Hollister Hills State Vehicle Recreation Area (SVRA)

From CCoWS Wiki
Revision as of 13:31, 8 April 2020 by Fred (Talk | contribs)

Jump to: navigation, search

An environmental summary by the ENVS 560/L Watershed Systems class at CSUMB.

The Hollister Hills State Vehicle Recreation Area (SVRA) is located just south of the City of Hollister in San Benito County, California (Image 1). The park became a designated SVRA as part of the Chappie-Z'Berg Off-Highway Motor Vehicle Law as a state-wide effort to reduce the negative environmental impacts of OHV riding.[1]

Image 1. Hollister Hills SVRA located in San Benito County, California. [1]



History

The Hollister Hills State Vehicle Recreation Area (SVRA) began as 600 acres of privately owned land purchased by Jesse Whitton after an expedition through the area with John C. Fremont in 1846.[2] In 1959, Jesse Whitton's great grandson, Howard Harris, inherited the land and created a privately operated motorcycle park in the 1950s.[3][4]

Off-highway vehicle (OHV) recreation became increasingly popularized in the 1970s through the onset of dirt bike and motocross racing,[5] and the desire to ride motorcycles off paved roads surged.[5] Unmanaged and unrestricted OHV use began raising environmental concerns, resulting in recognition of the need for designated spaces for regulated OHV recreation.[4][6]
Map of the Hudner and Renz acquisitions to the SVRA [7]
In 1975, the Hollister Hills SVRA was acquired by the California Department of Parks and Recreation and became the first of nine SVRAs in California as part of as a state-wide effort to reduce the negative environmental impacts of OHV riding reduce the negative environmental impacts of OHV riding.[4]

Hudner and Renz Acquisitions

From the mid-1980s through the mid-1990s, the SVRA acquired just over 3000 acres of land through the purchasing of two adjacent parcels to the north and northeast of the park.[7]

Mudstone Ranch

The Mudstone ranch makes up the northern side of the SVRA. In 2016, this area was opened to the public, and is specifically dedicated to non-motorized hiking, biking, and equestrian use. Additionally, a number of cattle ranchers still use the ranch for grazing purposes. [8] Mudstone Ranch is considered a buffer zone between the motorized trails and nearby housing developments. Maintaining this buffer zone helps to reduce noise from the vehicular use at the SVRA.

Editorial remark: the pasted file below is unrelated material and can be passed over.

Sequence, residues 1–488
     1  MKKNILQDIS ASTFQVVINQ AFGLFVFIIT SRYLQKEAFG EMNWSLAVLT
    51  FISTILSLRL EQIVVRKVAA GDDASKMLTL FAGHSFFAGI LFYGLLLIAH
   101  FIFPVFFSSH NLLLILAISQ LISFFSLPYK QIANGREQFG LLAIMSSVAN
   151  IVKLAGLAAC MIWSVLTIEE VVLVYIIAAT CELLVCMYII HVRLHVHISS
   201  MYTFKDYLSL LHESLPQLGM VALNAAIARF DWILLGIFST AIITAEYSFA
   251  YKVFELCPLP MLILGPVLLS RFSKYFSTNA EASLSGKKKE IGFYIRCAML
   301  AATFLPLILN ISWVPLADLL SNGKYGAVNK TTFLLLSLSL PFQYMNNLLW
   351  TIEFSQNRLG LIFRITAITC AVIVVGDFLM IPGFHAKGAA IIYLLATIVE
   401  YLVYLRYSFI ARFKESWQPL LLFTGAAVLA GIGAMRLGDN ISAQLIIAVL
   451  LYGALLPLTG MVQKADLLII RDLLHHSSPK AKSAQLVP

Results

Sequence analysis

Park Amenities

The park encompasses 6,800 acres of land and a total of 152 miles of trails, 128 of which are designated for OHV use only.[4] A map of all trails within the SVRA can be found here. While the park is popular for its OHV trails, it also provides several other amenities and recreational opportunities including:

  • Hiking, biking, and equestrian riding trails
  • Motocross tracks
  • Camping
  • Special events including:

Management

Since it's inception, Hollister Hills SVRA has been carefully managed to achieve environmental sustainability while simultaneously balancing the community's desire for vehicular recreation.

Environmental Challenges

Image 2. Erosional features caused by trails in Hollister Hills SVRA. Image from GoogleEarth.

OHV use can affect soil, vegetation, wildlife, air and water quality, and overall watershed function. Specific environmental effects include[9][10]:

  • Loosening/removal of topsoil and soil compaction
  • Gullying/erosion (Image 2)
  • Increased severity of landslides
  • Reducing vegetation cover through:
    • Crushing/breaking
    • Diminished plant growth from soil compaction
    • Disrupting photosynthesis from dust
    • Permitting encroachment of invasive plant species by reducing native plant cover
  • Wildlife disturbance through
  • Sedimentation, high turbidity, and pollution in aquatic ecosystems
  • Decreased air quality from dust and combustion by-products

Environmental Impact Reports

1977 Environmental Impact Report (EIR) & SVRA Plan

Following the acquisition of Hollister Hills SVRA into the California State Park system in 1975, an EIR was prepared to support the development of the recreation area. This document identified a number of impact mitigation measures that are summarized below: [11]

  • Erosion control and management through:
    • Addressing problems while they're still minor
    • Restricting recreation use that causes severe or uncontrollable erosion
    • Using "rotation and rest" techniques allowing for the natural rehabilitation of an erosion event
    • Construction of catchment basins and diffusion of water from the basins to reduce downstream erosion
  • Revegetation by means of discing, seeding, and the application of hay and fertilizer.
  • Reduction of air and noise pollution by discouraging visitors from "revving" their engines.
  • Cultural Resource protection through research, surveys, and storage and collection of artifacts prior to development.